Deputy Minister for Skills and Technology learns about innovative approach at CAVC

8 April 2015

Deputy Minister for Skills and Technology learns about innovative approach at CAVC

Julie James, Deputy Minister for Skills and Technology has visited Cardiff and Vale College to see how CAVC is forging a new direction in generating income.

The College’s Commercial Services team invited Julie James to see how CAVC’s new approach to income generation is helping to close the funding gap brought about by reductions in public sector spending.

The last 18 months has seen CAVC establish an entirely new Commercial Services team. It works across four key activity areas to grow the College’s business: Employer Partnerships; Research, Planning and Bids; International and Retail. CAVC sees these four areas as vital for generating new monies that can protect and project the College’s provision to learners, employers and communities across the Capital Region, Wales and beyond.

“The majority of the 2,000 employers that we work with are happy to invest or jointly fund training, as long as it supports their business strategy and offers them a clear return on investment,” CAVC Vice Principal for Commercial Business Development Mary Kent explained. “As a sector we need to accept that the training businesses want may be very different from what has been subsidised historically, and so we need to keep a firm focus on being led by employers’ demands.”

Deputy Minister for Skills and Technology Julie James said: "I was very interested to hear about the College’s innovative and dynamic approach to the challenges ahead."

“Further Education colleges are making plans for operating with a reduced budget for 2015/16 and we will work closely with colleges on the potential impacts.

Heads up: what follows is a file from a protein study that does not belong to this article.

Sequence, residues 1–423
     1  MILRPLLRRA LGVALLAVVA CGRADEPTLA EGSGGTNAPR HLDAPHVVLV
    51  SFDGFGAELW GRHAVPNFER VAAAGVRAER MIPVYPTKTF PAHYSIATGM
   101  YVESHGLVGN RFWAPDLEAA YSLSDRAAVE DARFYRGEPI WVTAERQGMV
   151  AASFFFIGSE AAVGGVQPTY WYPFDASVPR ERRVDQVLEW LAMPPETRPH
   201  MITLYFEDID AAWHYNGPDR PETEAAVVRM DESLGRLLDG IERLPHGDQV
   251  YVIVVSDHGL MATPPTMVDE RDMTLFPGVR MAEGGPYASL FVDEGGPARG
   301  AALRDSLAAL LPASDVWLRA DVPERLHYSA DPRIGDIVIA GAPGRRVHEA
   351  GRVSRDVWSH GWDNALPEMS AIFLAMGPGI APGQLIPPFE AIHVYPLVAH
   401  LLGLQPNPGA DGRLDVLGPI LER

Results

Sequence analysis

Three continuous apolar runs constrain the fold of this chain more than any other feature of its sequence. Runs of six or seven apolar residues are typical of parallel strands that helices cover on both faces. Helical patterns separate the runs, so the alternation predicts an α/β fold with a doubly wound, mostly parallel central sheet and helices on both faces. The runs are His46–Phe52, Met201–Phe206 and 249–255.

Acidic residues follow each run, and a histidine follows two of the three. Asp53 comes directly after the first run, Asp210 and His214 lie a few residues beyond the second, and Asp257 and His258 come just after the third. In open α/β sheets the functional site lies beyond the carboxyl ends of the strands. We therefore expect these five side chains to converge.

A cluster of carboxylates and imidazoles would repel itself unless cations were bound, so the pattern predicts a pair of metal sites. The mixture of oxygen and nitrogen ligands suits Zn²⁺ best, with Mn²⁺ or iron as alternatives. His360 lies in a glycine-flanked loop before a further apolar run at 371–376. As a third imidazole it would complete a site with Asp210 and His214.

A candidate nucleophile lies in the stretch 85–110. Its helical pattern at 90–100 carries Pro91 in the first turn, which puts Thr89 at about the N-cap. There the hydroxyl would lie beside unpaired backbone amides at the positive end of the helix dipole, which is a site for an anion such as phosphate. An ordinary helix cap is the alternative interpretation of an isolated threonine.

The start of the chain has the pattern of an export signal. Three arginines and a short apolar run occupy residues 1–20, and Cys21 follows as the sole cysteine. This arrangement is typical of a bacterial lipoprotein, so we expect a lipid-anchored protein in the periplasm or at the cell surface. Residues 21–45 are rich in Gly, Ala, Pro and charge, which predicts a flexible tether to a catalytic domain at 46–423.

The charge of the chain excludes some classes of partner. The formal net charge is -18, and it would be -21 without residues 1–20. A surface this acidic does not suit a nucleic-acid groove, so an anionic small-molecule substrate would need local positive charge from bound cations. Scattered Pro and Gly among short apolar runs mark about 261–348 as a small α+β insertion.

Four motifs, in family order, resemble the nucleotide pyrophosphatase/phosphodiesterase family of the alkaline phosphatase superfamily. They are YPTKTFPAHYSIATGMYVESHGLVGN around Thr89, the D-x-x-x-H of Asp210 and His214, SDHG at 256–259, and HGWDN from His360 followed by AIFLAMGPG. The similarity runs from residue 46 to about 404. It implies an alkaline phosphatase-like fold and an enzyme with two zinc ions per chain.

“We have been open with FE colleges in our discussions with them. It is now more important than ever that we focus not just on the resources that are available but how we use them and what we achieve.” 

As part of its growing international work CAVC is one of the first Further Education institutions in Wales to have established a permanent overseas base as one way of tapping into international markets. Its partnership with Cardiff Metropolitan University and joint International Foundation Programme forms a permanent recruitment base in Beijing, and the first students are expected in September 2015.

The College has also found a new strand for potential generation of income in retail work. CAVC will be opening its new £45m City Centre Campus in September – a hub for employer skills as well as full-time learners and the wider community and just a five minute walk from Cardiff Central Train Station and in the heart of the Financial and Professional Services Enterprise Zone. The street level of the new campus will be open to the local community with a coffee shop, convenience store, and hair and beauty salon. These facilities will also offer work placement and experience opportunities to students as well as providing new ways to engage with the local community.

A Fifth Floor restaurant, conference facilities and training rooms will also be available to local employers for staff development, events and corporate hospitality.

“Cardiff and Vale College is already established as a lead within the Quality Skills Alliance for the delivery of Work Based Learning in this region,” Mary Kent said. “We have built on these employer and partner relationships, and invested heavily in our own infrastructure to be able to provide a service that is truly led by employer needs. Over the past year we will have significantly changed our proposition, and will be offering skills training which is more targeted towards our key employment sectors and available at much higher levels. We aim to be seen as a driving force for skills development in the region, and will need to work very closely with employers and partners to achieve this.”

“The development of new income streams for the College not only provides a whole new approach to meeting employer needs but also enables us to bridge the funding gap left by the reduction in public sector spending. This in turn is enabling us to protect provision and invest in facilities for our whole community.